Mission failure: West Point cadets reportedly abduct the wrong goat in attempt to steal Navy’s mascot

They stole "an arthritic, 14-year-old retiree" instead of the Navy's current mascot.
Haley Britzky Avatar
US Naval Academy mascots Bill 33, right, and Bill 34 stand on the sidelines as the Naval Academy dance team performs before the start of the Army-Navy NCAA college football game at Lincoln Financial Field Saturday Dec. 14, 2013 in Philadelphia. (AP Photo/Jacqueline Larma)

If West Point fumbles in the Army-Navy football game on Dec. 11 as it did during its attempt to kidnap the Naval Academy’s mascot, it’s going to be a long four quarters. 

Cadets at the U.S. Military Academy at West Point sought to participate in a time-honored tradition over the weekend of stealing their opponent’s mascot, a goat named Bill. But instead of goat-napping the current mascot, the cadets accidentally stole “an arthritic, 14-year-old retiree with only one horn” called Bill No. 34, instead of Bill No. 37, according to The New York Times

A joint statement from the West Point and the Naval Academy superintendents did not provide details about the specific goat stolen by the Army cadets, but said the academies “are disappointed by the trust that was broken recently between our brothers and sisters in arms.”

“These actions do not reflect either academy’s core values of dignity and respect,” Lt. Gen. Darryl Williams and Vice Adm. Sean Buck said in the statement. “West Point has ensured the mascot was returned safely and is investigating those responsible.”

Army cadets cheer against Navy during the second half of an NCAA college football game Saturday, Dec. 12, 2020, in West Point, N.Y. (AP Photo/Adam Hunger)

The competitive tradition between the academies to steal each other’s mascots ahead of the Army-Navy football game goes back decades. According to the Times’ account, the West Point cadets carried out their raid at a private farm in Annapolis, Maryland, where Bill No. 37, a “young angora with curly white wool” was living with other goats, including the retired Bill. 

So one moment Bill No. 34 was minding his own goat business, and the next he had been snatched up by a “noisy assault team,” according to the Times. The cadets reportedly “spooked the goats into a run” before grabbing the wrong goat. They didn’t realize the mistake until they made the 4-hour drive back to West Point. 

The elder Bill was returned on Monday, and was found to be in good health, the Times reported.

The first-ever goat-napping occurred in November 1953, just two years after a massive cheating scandal at West Point “led to the expulsion of 90 cadets and gutted the football team,” according to Vice. In an attempt to raise cadets’ morale, two cadets, Ben Schemmer and Alex Rupp, orchestrated the covert mission to nab Bill No. 12, complete with chloroform and a getaway driver from the Army band.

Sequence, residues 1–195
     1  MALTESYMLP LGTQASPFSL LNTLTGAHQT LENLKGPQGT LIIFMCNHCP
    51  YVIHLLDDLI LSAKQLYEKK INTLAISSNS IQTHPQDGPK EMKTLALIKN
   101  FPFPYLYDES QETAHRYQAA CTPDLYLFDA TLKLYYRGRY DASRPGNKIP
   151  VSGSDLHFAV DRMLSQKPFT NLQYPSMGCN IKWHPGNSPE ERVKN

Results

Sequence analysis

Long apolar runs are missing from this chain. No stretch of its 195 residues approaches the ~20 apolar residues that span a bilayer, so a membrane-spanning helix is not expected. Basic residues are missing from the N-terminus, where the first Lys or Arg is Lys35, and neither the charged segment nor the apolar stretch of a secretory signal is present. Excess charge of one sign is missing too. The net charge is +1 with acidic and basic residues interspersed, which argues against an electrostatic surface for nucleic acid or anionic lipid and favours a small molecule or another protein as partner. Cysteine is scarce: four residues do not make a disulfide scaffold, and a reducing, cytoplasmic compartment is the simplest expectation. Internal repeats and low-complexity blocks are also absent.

In this undated photo released by the U.S. Naval Academy, Navy football mascot Bill 36 looks into a camera, in Annapolis, Md. The Angora goat apparently sickened from eating toxic vegetation has been cleared for duty for the Dec. 12, 2015, Army-Navy Game in Philadelphia. Bill 36 began Naval Academy mascot training this season. (Jennifer M. Erickson/U.S. Naval Academy via AP)

Although the cadets were almost caught by a gas station attendant in New Jersey who’d heard a news broadcast about the stolen goat, they eventually made it back to West Point and revealed Bill to the rest of the cadet corps. 

“The plan was to reveal Bill at dinner in Washington Hall, the cadet mess hall. Every cadet would be there,” Vice reported. “Ben made a box big enough to hide Bill in and set it up in front of the tables. Once every cadet was seated he let the sides of the box fall. The big reveal: he and Al and the getaway driver standing proud with Bill. The place went berserk. Cadets jumped on chairs. They took off their dress gray jackets and whipped them over their heads. They hollered, laughed, cheered, screamed, lost their minds.” 

The prank has also extended to the Air Force Academy, though it has come with its own difficulties: in 2018, the Air Force’s live falcon mascot sustained “life-threatening injuries” after it was stolen by Army cadets from an Air Force colonel’s home.

Air Force Academy Cadet 3rd Class Haley Spletzer and Academy Mascot Aurora, a gyr falcon, check out the Naval Academy Midshipmen mascots prior to the start of the sister service gridiron rivalry at the Navy-Marine Corps Memorial Stadium in Annapolis, Md., Oct., 3, 2015. (U.S. Air Force photo/Jim Varhegyi)

And while stealing mascots has become an annual event, so too are the statements of disapproval from higher-ups. In the wake of the 1953 mission, President Dwight D. Eisenhower, a West Point grad himself, demanded the goat be returned before the football game. In 1990, a cadet who organized the mission to capture Bill No. 26 received a “disciplinary form” signed by the commandant of cadets himself, according to ESPN. The form said the cadet “was being censured for ‘participating in an activity which had been explicitly prohibited by the chain of command,’” ESPN reported. As the Times reported, mascot stealing was forbidden in 1992 “after Navy midshipmen cut phone lines and zip-tied six Army employees while stealing West Point’s mules.”

But cadets, frankly, don’t give a shit. They will continue attempting to steal their opponent’s live animal mascots, and higher-ups will continue expressing their disappointment. Because tradition is a hell of a drug.

More great stories on Task & Purpose

Want to write for Task & Purpose? Learn more here and be sure to check out more great stories on our homepage.